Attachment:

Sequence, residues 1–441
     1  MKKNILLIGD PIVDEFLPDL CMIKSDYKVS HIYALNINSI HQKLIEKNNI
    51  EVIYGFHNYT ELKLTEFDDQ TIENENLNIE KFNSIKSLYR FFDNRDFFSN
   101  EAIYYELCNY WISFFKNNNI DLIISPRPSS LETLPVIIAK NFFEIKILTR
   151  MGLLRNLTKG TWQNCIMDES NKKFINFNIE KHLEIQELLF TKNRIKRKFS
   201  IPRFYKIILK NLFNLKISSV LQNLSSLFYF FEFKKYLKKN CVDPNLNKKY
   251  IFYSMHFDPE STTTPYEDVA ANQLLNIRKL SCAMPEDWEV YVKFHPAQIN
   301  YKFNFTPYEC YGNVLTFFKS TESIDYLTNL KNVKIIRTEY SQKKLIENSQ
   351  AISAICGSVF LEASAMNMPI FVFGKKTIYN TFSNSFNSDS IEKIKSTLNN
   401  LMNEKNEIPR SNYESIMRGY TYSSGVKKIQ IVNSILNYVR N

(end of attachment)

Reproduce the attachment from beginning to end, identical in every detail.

Sequence, residues 1–441
     1  MKKNILLIGD PIVDEFLPDL CMIKSDYKVS HIYALNINSI HQKLIEKNNI
    51  EVIYGFHNYT ELKLTEFDDQ TIENENLNIE KFNSIKSLYR FFDNRDFFSN
   101  EAIYYELCNY WISFFKNNNI DLIISPRPSS LETLPVIIAK NFFEIKILTR
   151  MGLLRNLTKG TWQNCIMDES NKKFINFNIE KHLEIQELLF TKNRIKRKFS
   201  IPRFYKIILK NLFNLKISSV LQNLSSLFYF FEFKKYLKKN CVDPNLNKKY
   251  IFYSMHFDPE STTTPYEDVA ANQLLNIRKL SCAMPEDWEV YVKFHPAQIN
   301  YKFNFTPYEC YGNVLTFFKS TESIDYLTNL KNVKIIRTEY SQKKLIENSQ
   351  AISAICGSVF LEASAMNMPI FVFGKKTIYN TFSNSFNSDS IEKIKSTLNN
   401  LMNEKNEIPR SNYESIMRGY TYSSGVKKIQ IVNSILNYVR N